Obviously there are other questions that might be raised about the Third Way and its Aristotelian metaphysical background, and I address them in the book.  For example (to quote now from pp. 95-96): 

[A] critic might… suggest (as J. L. Mackie does) that even if individual contingent things all go out of existence, there might still be some underlying stuff out of which they are made (a “permanent stock of matter,” in Mackie’s words) which persists throughout every generation and corruption.  Now if this were so, then what would follow, given the Aristotelian conception of necessity we’ve been describing, is that this stock of material stuff would itself count as a necessary being.  But (so the suggestion continues) the critic could happily accept this (as Mackie does) given that such a “necessary being” would, in view of its material nature, clearly not be divine.  

The trouble with this reply, though, is that it falsely purports to be asserting something that Aquinas would deny.  In fact, surprising as it might seem, Aquinas would be quite happy, at least for the sake of argument, to concede that the material world as a whole might be a kind of necessary being, in the relevant sense of being everlasting or non-transitory.  After all, as we have repeated many times, Aquinas does not think that proving the existence of God requires showing that the material world had a beginning.  Moreover, as we noted in our discussion of hylemorphism in chapter 2, Aquinas himself insists that while individual material things are generated and corrupted, matter and form themselves are (apart from special divine creation, to which he would not appeal for the purposes of the argument at hand lest he argue in a circle) not susceptible of generation and corruption.  Far from regarding the notion of the material world as necessary as a blow to the project of the Third Way, Aquinas would in fact regard it as a vindication of his claim that there must be a necessary being.  Indeed, he recognizes the existence of other non-divine necessary beings as well, such as angels and even heavenly bodies (which, given the astronomical knowledge then available, the medievals mistakenly regarded as not undergoing corruption).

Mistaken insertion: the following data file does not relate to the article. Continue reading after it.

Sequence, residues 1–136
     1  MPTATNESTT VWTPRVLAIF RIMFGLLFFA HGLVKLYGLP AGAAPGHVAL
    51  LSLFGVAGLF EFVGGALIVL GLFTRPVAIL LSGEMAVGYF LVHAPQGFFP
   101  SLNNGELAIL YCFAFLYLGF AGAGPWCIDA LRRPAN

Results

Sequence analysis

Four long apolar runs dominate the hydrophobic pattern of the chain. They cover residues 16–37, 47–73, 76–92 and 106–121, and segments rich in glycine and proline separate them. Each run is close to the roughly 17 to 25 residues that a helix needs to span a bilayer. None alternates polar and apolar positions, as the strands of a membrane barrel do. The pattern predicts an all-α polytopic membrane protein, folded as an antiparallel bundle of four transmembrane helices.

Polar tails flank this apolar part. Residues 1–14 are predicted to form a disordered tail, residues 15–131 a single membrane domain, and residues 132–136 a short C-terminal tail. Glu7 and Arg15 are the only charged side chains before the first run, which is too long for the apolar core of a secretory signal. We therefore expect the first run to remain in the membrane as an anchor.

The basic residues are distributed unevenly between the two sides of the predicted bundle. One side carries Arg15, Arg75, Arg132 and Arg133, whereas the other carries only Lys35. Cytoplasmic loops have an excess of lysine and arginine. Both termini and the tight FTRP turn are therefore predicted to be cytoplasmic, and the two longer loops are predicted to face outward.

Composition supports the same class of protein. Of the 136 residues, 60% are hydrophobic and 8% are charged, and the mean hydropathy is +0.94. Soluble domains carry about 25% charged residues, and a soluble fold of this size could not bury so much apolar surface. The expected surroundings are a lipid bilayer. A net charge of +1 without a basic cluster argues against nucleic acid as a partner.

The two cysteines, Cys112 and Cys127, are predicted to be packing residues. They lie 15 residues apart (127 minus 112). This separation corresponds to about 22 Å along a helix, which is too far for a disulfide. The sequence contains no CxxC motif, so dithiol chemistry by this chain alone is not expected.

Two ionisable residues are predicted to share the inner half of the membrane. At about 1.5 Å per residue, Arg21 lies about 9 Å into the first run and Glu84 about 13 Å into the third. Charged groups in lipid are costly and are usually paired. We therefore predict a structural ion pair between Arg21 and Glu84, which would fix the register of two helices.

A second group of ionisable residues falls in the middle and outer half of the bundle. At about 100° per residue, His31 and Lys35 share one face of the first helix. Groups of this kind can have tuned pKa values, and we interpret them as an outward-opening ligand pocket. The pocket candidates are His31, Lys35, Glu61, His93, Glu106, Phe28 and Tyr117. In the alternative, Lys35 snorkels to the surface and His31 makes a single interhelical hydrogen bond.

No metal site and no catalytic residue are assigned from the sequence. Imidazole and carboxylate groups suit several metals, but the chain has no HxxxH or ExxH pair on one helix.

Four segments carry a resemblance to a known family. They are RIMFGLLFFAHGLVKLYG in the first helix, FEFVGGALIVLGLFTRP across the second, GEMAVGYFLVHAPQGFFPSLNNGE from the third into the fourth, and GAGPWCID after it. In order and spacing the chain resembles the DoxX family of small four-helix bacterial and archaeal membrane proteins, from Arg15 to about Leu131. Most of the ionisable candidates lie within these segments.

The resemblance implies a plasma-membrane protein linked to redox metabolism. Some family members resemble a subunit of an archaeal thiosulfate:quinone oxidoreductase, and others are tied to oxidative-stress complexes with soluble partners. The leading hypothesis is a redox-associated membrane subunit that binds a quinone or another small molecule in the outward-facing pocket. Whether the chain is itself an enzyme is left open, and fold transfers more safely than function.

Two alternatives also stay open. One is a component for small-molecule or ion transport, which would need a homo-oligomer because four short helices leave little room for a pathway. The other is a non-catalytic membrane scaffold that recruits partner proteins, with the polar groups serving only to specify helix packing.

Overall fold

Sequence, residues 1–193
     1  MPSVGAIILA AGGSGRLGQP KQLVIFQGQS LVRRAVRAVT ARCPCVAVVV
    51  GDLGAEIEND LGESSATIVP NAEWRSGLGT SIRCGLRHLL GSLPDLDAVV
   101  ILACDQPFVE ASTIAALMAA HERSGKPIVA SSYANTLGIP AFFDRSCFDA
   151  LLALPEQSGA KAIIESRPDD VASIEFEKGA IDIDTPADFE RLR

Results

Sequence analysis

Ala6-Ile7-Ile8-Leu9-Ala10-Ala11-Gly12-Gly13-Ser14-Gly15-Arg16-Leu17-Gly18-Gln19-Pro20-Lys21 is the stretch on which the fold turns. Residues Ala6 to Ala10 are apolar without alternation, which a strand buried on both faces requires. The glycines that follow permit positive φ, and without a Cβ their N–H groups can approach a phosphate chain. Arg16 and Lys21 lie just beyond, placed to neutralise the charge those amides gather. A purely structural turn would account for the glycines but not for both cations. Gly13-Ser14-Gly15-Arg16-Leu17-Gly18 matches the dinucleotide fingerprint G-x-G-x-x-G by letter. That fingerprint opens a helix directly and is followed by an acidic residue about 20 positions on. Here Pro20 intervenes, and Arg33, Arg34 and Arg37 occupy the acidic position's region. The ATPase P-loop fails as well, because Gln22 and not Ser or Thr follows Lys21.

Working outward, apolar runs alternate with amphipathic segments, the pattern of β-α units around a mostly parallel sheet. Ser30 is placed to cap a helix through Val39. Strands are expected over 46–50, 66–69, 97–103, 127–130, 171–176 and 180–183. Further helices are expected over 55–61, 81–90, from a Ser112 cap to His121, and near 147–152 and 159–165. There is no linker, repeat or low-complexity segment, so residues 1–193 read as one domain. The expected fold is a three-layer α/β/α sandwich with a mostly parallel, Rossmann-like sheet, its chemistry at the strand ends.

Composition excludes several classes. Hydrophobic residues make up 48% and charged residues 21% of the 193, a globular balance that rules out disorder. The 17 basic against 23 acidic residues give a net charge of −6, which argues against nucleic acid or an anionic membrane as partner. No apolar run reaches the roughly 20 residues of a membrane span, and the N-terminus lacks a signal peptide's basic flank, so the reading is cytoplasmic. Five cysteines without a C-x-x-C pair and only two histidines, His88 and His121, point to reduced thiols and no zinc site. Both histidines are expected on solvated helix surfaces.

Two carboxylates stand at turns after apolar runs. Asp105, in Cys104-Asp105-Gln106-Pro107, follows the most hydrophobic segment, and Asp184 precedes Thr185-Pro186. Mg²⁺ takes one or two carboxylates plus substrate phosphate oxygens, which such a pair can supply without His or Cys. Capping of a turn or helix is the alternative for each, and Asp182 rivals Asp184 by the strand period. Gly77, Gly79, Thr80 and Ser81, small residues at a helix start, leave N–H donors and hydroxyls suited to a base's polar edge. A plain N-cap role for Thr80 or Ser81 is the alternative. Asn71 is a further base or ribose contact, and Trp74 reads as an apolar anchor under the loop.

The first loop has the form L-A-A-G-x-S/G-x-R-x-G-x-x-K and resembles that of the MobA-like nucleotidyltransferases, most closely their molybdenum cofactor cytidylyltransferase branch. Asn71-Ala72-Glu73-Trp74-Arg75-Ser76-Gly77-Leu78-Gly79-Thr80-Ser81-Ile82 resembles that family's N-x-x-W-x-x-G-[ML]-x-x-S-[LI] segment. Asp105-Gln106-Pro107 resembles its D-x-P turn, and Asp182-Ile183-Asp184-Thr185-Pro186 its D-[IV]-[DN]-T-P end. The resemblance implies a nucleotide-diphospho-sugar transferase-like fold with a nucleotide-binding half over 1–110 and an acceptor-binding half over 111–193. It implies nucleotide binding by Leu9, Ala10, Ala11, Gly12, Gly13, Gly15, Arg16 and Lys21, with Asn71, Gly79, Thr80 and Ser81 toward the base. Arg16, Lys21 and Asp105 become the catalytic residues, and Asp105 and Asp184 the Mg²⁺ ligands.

That this should not be surprising, and in particular that it should not be regarded as damaging to the aim of proving the existence of God specifically, should be evident when we remember that proving the existence of a necessary being is only one component of the overall argumentative strategy of the Third Way.  For recall that at this stage of the argument Aquinas immediately goes on to say that “every necessary thing either has its necessity caused by another, or not” and then argues that a series of necessary beings cannot go on to infinity… 

In particular (as I go on to explain), given a hylemorphic analysis of material objects, neither matter nor form nor a composite of matter and form could have its necessity in itself (if it has any necessity at all), but would have to derive it from something else.  Only that which is pure actuality could even in principle have its necessity of itself.  But as they say, read the whole thing.  What has been said here suffices to show that there is no good reason to think Aquinas guilty of a quantifier shift fallacy. 

We’ll look at Locke and Aristotle in two further posts.


Routledge Handbook

The Routledge Handbook of Human Rights, edited by Thomas Cushman, will be published this summer.  The book includes my essay “The Metaphysical Foundations of Natural Rights.”  If you have a spare $180, do pick up a copy.  Otherwise, you might look for it in your nearest academic library.


Nozick’s Tale of the Slave